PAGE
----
The old Pennylvania Station was not like any other building either, yet it fell. When it came down, New Yorkers wondered how they’d allowed it to happen.
Still, for years afterwards, developers battled to tear down that other uneconomic relic of a bygone era, Grand Central Terminal. Today, the only people threatening the most recognizable interior in New York City are Islamic extremists. Grand Central stands in all its splendor, protected by the police and the National Guard, a stunning testament to the vision of individuals like Jackie Kennedy Onassis, who finally secured its future in the courts in 1978.
The former first lady wrote at the time: “Is it not cruel to let our city die by degrees, stripped of all her proud monuments, until there is nothing left of all her history and beauty to inspire our children? If they are not inspired by the past of our city, where will they find the strength to fight for her future? Americans care about their past but for short term gain they ignore it and tear down everything that matters.”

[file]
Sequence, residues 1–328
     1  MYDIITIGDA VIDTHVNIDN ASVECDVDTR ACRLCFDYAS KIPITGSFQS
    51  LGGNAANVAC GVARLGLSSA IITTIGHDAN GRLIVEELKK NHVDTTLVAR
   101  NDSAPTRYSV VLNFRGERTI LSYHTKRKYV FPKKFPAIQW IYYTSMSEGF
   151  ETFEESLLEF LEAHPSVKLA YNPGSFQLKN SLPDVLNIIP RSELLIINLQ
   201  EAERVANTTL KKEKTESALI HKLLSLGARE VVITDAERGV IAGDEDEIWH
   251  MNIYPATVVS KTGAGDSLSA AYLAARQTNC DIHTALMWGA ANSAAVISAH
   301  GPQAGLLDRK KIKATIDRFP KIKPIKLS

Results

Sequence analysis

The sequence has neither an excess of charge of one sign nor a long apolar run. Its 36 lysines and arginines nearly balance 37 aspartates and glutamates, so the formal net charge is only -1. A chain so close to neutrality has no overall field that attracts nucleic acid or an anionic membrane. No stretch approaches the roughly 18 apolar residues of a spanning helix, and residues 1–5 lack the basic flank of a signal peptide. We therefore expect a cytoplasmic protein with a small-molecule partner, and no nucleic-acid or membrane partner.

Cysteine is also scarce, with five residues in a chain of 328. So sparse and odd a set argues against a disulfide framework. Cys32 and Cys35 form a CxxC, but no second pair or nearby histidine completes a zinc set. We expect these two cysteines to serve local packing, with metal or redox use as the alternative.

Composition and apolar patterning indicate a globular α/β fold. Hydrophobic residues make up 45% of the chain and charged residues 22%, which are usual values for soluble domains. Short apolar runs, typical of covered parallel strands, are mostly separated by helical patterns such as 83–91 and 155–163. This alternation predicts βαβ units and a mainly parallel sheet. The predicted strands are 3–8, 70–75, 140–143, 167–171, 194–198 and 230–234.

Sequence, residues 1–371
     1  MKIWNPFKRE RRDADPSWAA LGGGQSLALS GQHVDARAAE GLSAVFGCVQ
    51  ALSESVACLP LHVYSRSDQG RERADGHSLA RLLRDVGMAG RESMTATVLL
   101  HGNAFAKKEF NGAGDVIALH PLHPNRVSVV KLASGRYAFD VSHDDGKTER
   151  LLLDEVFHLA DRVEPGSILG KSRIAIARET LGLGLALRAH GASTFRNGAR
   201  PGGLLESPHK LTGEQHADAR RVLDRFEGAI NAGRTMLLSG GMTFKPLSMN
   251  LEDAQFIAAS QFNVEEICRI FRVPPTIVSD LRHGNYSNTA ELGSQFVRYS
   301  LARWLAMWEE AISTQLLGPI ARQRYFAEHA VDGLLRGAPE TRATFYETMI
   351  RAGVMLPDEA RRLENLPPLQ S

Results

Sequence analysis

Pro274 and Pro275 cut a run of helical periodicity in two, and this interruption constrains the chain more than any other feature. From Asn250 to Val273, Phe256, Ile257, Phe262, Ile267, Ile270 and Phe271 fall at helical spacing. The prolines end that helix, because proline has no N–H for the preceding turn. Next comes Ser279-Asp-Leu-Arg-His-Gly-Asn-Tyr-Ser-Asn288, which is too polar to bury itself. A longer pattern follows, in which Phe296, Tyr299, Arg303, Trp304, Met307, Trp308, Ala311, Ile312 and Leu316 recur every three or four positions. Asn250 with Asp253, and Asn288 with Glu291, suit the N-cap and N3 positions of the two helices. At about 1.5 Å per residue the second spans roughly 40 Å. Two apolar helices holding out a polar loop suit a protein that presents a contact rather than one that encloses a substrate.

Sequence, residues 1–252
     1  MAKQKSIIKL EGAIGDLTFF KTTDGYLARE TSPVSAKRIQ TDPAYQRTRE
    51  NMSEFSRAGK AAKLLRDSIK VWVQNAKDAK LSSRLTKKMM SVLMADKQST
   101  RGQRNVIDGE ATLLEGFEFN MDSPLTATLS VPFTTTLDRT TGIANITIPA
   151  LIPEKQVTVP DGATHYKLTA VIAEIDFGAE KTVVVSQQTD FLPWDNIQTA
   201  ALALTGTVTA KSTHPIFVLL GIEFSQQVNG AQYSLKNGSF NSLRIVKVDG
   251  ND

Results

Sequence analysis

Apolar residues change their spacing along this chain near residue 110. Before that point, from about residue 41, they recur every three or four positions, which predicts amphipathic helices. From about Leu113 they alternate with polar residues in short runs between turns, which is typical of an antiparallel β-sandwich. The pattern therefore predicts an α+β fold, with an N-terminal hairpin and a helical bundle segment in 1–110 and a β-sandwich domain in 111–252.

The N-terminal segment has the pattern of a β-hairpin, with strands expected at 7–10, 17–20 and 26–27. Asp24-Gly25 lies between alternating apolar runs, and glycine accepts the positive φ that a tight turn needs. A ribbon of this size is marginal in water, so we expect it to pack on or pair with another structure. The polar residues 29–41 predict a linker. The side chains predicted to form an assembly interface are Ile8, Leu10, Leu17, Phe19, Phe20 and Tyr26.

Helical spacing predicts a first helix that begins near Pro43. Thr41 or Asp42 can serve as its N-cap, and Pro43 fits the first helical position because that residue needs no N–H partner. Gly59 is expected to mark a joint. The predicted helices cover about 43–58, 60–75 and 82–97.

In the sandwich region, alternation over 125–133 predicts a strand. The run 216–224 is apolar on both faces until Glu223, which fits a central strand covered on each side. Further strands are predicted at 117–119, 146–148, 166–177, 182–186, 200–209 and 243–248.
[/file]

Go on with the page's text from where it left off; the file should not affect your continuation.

St. Brigid’s may be a relatively modest building compared to the jewels in New York’s crown, but it was an immediate product of the city’s rebirth as a center of mass immigration — and there could be no better monument to that moment in the nation’s history.
It may not be as famous as the Empire State Building or the Chrysler Building or Grand Central Terminal or Ellis Island or the Statue of the Liberty or the Brooklyn Bridge, but — built by the first wave of Famine immigrants — it predates all of them.
St. Brigid’s should be allowed to stay.